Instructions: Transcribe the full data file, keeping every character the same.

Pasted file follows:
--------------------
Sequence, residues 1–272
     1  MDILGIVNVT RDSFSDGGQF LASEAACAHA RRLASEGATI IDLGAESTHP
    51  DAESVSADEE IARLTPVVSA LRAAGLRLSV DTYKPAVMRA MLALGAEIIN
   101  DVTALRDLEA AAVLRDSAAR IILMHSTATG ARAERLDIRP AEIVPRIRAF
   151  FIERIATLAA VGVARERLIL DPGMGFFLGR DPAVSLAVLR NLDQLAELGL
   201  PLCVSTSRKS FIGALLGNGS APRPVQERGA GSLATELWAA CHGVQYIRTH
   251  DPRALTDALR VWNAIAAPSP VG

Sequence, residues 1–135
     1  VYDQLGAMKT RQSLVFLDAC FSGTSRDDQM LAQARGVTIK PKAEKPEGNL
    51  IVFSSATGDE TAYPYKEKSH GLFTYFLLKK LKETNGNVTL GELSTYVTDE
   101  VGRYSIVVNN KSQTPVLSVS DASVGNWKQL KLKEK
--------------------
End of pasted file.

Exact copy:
Sequence, residues 1–272
     1  MDILGIVNVT RDSFSDGGQF LASEAACAHA RRLASEGATI IDLGAESTHP
    51  DAESVSADEE IARLTPVVSA LRAAGLRLSV DTYKPAVMRA MLALGAEIIN
   101  DVTALRDLEA AAVLRDSAAR IILMHSTATG ARAERLDIRP AEIVPRIRAF
   151  FIERIATLAA VGVARERLIL DPGMGFFLGR DPAVSLAVLR NLDQLAELGL
   201  PLCVSTSRKS FIGALLGNGS APRPVQERGA GSLATELWAA CHGVQYIRTH
   251  DPRALTDALR VWNAIAAPSP VG

Sequence, residues 1–135
     1  VYDQLGAMKT RQSLVFLDAC FSGTSRDDQM LAQARGVTIK PKAEKPEGNL
    51  IVFSSATGDE TAYPYKEKSH GLFTYFLLKK LKETNGNVTL GELSTYVTDE
   101  VGRYSIVVNN KSQTPVLSVS DASVGNWKQL KLKEK